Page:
• C mfn oldpos [timestamp]
    introduces a series of patch commands specifying how record mfn was changed.

Software writing the masterfile will typically choose to write full updates and MUST provide a switch to forcedly do so, in order to be compatible with basic mode readers.
However, the patch command language is particularily useful with server operations, to avoid the need for read-write sequences with some sort of locking.

the patch language

The patch commands are lines starting with special characters like +, -, ~ and so on, followed by (an optional TAB and) field addresses, TAB and field data.

The simplest case is the '+' command, meaning that it's data is to be appended to the record. The + and TAB may be omitted. In other words, the add command may look exactly like an ordinary field line.
A series of '=' commands works exactly like the set operation in an OpenIsis Tcl record. Especially, field indexes and subfields are supported. The '-' command resembles the del operation.
A detailled description of the "patch language" is to be done.

C	1234
=	24	foo
=	24	bar
25	baz
changes record 1234 by setting the first to occurences of field 24 to foo and baz, respectively, deleting any other occurences of field 24, and appending a field 25 with value baz.

the pointer file

The pointer file is an array of n-Byte (n >= 6) entries, the ith entry referencing mfn i, similar to the traditional .XRF (crossref).
The n=k+l+m bytes specify two or three numbers (in native byte order) of up to 8 bytes each:
  • the first k bytes (k >= 4) give the position of the record (or it's last update or change entry)
  • the next l bytes (l >= 2) give the length of the record (excluding the last field's terminating newline and following blank line)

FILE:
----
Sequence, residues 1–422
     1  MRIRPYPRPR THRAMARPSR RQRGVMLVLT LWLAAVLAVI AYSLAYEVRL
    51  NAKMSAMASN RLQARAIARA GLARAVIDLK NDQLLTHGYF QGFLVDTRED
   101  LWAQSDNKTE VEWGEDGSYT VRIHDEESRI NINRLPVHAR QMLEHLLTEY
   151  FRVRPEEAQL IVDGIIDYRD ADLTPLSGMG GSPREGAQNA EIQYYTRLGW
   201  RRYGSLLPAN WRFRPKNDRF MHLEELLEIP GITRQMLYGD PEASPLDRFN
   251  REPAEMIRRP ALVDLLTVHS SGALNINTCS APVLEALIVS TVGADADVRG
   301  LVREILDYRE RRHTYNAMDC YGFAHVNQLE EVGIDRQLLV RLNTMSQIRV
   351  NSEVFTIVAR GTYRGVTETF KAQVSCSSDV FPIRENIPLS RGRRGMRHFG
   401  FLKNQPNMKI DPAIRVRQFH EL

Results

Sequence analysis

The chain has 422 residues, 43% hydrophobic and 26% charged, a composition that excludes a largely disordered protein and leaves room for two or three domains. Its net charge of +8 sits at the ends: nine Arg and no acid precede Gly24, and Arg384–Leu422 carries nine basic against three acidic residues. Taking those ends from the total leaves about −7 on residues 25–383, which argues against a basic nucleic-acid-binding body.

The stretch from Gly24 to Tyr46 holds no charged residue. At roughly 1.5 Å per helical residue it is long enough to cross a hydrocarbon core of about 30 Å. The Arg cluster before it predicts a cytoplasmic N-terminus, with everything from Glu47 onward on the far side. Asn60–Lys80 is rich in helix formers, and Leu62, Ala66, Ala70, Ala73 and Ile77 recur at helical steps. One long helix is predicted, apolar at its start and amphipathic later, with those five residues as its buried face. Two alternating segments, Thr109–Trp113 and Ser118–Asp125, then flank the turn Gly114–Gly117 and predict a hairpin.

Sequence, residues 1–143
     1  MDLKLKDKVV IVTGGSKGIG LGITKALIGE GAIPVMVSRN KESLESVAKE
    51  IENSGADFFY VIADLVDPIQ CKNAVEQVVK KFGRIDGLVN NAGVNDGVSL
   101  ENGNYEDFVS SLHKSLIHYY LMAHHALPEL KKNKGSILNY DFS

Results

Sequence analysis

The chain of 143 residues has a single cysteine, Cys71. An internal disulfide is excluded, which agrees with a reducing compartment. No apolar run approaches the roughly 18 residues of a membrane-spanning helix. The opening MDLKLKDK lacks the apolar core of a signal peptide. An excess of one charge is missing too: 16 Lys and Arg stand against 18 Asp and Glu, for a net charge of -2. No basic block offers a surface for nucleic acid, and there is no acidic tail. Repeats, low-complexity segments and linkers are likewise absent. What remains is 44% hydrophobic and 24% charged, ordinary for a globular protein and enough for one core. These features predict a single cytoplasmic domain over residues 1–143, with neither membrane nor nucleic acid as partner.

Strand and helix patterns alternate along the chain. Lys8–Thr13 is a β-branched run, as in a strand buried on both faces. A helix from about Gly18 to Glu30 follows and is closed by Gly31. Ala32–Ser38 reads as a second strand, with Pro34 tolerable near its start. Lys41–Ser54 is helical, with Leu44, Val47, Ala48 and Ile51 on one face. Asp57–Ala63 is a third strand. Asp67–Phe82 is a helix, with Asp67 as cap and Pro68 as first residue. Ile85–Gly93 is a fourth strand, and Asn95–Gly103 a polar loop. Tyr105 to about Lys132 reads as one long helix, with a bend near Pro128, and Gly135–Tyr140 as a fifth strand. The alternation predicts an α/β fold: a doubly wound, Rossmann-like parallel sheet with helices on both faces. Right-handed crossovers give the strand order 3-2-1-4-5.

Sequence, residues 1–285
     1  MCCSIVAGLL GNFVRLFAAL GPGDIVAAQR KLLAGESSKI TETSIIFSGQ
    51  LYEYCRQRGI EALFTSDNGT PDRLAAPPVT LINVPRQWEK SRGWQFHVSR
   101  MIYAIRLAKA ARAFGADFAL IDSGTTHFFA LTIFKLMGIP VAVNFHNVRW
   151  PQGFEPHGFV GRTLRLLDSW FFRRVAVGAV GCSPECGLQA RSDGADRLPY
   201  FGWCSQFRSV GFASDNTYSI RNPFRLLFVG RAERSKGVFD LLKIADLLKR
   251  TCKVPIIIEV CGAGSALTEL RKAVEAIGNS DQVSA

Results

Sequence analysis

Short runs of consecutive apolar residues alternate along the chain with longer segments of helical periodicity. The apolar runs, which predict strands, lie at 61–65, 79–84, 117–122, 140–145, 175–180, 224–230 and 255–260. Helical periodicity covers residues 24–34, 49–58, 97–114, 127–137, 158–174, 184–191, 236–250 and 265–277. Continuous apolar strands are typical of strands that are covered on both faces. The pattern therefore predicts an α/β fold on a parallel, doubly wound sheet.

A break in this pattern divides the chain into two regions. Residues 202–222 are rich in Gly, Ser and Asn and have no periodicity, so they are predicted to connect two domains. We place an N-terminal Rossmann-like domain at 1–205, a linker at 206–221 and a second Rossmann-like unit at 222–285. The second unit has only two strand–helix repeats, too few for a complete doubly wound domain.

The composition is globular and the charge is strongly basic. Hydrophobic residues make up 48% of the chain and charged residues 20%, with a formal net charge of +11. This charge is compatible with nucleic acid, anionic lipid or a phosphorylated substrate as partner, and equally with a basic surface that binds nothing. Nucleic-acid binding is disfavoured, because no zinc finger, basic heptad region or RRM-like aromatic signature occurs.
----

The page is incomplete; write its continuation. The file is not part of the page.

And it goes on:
• the final m bytes (m >= 0) give the number of fields. If m is 0, or all bits in a field number are set (for large records), the reader has to determine the number fo fields by inspecting the record.

The first six bytes of the first entry describe the detailled layout. Four bytes are the "magic number" containing the ASCII characters "ISIX". Two bytes are the number (m*256 + l*16 + k) in native byte order.
The minimum case k=4, l=2 imposes the limits of traditional ISIS. Actually the lower limits are not enforced; in a very specialised application one might want to use k/l/m = 3/1/0. Recommended are at least eight bytes as k/l/m = 4/3/1 or 4/4/0 or, with large file support, 5/3/0.

However, when any of the limits is reached, or an unsupported combination or byte order is found, the Xref can easily be recreated with greater values. The 12 byte pointer with k/l/m = 6/4/2 will be enough for even gigantic databases of a quarter Petabyte (262.144 Gigabyte).
The number of fields is redundant, but as an optimization may make live a little bit easier for a reader. If the pointer structure has m>0 (typically m=1), a value of 0 must be stored if the number of fields exceeds the representable range and a reader should be prepared to figure it out itself in that case.

$Id: Serialized.txt,v 1.10 2004/06/10 12:52:29 kripke Exp $